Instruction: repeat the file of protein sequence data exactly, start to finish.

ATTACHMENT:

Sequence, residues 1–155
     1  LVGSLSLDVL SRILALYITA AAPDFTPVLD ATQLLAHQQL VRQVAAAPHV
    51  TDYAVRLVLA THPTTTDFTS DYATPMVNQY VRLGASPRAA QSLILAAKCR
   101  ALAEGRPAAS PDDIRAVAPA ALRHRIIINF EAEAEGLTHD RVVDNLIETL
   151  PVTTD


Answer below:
Sequence, residues 1–155
     1  LVGSLSLDVL SRILALYITA AAPDFTPVLD ATQLLAHQQL VRQVAAAPHV
    51  TDYAVRLVLA THPTTTDFTS DYATPMVNQY VRLGASPRAA QSLILAAKCR
   101  ALAEGRPAAS PDDIRAVAPA ALRHRIIINF EAEAEGLTHD RVVDNLIETL
   151  PVTTD